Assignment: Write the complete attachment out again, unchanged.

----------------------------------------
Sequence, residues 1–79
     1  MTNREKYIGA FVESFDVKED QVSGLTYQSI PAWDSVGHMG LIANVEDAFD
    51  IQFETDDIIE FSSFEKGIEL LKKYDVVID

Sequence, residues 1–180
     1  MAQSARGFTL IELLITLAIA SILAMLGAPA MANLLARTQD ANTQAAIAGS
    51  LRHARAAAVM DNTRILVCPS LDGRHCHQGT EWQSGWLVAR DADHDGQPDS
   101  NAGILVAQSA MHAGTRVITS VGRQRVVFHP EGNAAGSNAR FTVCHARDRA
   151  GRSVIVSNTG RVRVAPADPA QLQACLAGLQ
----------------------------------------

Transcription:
Sequence, residues 1–79
     1  MTNREKYIGA FVESFDVKED QVSGLTYQSI PAWDSVGHMG LIANVEDAFD
    51  IQFETDDIIE FSSFEKGIEL LKKYDVVID

Sequence, residues 1–180
     1  MAQSARGFTL IELLITLAIA SILAMLGAPA MANLLARTQD ANTQAAIAGS
    51  LRHARAAAVM DNTRILVCPS LDGRHCHQGT EWQSGWLVAR DADHDGQPDS
   101  NAGILVAQSA MHAGTRVITS VGRQRVVFHP EGNAAGSNAR FTVCHARDRA
   151  GRSVIVSNTG RVRVAPADPA QLQACLAGLQ